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Rotating Space into Time

If we now look at just the  x  and  t  part of the LORENTZ TRANSFORMATION [leaving out the y and z parts, which don't do much anyway], we have

x' = $\displaystyle \gamma \, x \; - \; \gamma \beta \, c t$ (23.4)
c t' = $\displaystyle - \gamma \beta \, x \; + \; \gamma \, c t$ (23.5)

-- i.e., the LORENTZ TRANSFORMATION "sort of" rotates the space and time axes in much the same way as a normal rotation of x and y. I have used  ct  as the time axis to keep the units explicitly the same; if we use "natural units" (c = 1) then we can just drop  c  out of the equations completely and the analogy becomes obvious.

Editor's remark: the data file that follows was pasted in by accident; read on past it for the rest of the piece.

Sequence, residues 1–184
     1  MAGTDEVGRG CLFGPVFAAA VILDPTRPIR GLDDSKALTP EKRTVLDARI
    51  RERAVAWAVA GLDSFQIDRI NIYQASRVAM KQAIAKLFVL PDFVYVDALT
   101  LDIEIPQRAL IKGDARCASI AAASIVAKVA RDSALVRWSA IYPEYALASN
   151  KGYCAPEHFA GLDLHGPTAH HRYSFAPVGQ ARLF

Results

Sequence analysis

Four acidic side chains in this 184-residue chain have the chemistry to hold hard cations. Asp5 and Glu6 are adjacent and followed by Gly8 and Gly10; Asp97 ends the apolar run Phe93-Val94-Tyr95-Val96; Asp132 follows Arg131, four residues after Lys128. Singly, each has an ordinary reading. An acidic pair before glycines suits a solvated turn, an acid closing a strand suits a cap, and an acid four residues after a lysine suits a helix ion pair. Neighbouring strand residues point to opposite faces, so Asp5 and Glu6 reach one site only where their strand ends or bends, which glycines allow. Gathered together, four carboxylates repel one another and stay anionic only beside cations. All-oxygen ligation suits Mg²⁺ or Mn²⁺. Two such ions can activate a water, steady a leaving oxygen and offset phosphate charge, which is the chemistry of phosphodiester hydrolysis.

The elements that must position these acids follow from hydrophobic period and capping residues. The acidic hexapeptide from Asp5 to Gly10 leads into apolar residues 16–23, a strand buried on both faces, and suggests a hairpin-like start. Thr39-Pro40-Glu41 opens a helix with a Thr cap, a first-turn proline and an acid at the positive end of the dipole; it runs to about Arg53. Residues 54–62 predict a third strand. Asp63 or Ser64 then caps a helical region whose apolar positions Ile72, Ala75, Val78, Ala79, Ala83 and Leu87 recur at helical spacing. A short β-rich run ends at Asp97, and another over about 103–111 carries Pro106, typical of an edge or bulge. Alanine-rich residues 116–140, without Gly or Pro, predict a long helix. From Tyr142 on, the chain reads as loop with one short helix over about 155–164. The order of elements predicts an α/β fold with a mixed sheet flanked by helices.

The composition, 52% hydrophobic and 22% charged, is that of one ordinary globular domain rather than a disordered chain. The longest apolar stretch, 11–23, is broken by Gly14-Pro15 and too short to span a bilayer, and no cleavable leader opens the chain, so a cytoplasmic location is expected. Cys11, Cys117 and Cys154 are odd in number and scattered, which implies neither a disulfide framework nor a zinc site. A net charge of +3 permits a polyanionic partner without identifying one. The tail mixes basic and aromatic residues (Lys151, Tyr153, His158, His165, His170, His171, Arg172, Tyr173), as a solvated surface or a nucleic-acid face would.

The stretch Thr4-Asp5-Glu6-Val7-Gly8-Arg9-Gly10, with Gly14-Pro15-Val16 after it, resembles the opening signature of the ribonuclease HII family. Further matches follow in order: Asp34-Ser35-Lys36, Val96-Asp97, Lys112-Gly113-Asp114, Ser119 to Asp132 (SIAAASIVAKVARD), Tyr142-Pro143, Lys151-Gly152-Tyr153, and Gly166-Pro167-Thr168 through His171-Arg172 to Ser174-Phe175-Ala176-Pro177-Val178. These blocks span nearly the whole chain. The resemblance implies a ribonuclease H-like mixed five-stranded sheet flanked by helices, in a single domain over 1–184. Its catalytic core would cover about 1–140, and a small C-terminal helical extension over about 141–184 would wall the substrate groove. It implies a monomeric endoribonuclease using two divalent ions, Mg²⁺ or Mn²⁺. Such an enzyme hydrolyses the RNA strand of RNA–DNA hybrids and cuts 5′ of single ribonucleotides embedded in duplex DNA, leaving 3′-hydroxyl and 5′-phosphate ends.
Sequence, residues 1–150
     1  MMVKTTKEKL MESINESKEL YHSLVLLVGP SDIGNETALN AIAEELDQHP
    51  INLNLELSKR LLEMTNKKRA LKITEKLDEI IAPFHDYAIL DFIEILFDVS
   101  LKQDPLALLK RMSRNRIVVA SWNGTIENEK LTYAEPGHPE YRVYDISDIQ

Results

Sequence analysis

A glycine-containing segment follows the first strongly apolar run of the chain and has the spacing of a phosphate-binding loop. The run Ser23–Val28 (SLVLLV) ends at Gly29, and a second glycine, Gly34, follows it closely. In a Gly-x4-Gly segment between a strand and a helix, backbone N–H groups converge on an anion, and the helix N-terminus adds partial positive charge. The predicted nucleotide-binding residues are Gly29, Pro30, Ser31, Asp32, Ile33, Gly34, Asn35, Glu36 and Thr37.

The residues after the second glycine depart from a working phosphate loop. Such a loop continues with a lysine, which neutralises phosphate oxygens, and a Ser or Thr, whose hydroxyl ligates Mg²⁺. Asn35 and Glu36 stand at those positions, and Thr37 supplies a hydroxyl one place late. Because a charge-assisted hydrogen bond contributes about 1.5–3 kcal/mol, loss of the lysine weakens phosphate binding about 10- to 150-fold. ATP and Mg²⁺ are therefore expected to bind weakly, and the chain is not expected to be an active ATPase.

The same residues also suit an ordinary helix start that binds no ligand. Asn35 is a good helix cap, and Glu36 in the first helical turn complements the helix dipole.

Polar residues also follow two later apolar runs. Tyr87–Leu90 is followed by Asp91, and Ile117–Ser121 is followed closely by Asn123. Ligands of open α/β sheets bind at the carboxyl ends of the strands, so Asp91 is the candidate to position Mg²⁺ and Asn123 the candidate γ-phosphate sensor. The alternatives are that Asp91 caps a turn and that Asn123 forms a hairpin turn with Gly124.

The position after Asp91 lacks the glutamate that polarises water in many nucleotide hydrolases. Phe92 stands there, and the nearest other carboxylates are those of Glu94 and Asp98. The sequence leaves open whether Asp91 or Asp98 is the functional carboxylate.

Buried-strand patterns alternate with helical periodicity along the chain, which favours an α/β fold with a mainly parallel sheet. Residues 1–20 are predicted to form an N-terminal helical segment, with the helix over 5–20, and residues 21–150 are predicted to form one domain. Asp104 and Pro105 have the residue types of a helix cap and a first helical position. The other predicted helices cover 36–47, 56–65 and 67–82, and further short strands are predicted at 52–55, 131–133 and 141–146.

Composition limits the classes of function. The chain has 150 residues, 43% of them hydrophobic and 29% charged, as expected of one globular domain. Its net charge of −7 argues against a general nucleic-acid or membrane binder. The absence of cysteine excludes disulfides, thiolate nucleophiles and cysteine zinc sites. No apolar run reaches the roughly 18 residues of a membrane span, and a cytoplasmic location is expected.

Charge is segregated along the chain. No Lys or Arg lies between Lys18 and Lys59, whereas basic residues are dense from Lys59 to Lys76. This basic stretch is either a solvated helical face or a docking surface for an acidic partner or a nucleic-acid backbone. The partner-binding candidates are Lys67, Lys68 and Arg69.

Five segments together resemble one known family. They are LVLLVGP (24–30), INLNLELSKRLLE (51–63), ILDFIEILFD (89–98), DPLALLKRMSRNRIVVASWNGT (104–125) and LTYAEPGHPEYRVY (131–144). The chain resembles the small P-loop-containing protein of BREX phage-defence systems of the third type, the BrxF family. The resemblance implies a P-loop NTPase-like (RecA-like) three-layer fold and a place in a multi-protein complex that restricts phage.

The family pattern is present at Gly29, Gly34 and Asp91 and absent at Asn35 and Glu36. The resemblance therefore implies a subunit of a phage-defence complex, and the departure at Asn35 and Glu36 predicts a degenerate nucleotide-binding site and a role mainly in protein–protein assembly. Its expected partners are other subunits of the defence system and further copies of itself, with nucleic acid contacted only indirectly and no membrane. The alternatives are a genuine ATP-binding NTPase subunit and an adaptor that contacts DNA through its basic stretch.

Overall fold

Jess H. Brewer - Last modified: Mon Nov 23 11:05:17 PST 2015